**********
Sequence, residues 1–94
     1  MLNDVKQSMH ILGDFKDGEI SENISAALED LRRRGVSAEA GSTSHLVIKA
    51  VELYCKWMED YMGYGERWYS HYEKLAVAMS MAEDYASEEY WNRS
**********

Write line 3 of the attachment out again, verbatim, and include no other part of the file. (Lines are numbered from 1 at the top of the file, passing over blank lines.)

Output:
    51  VELYCKWMED YMGYGERWYS HYEKLAVAMS MAEDYASEEY WNRS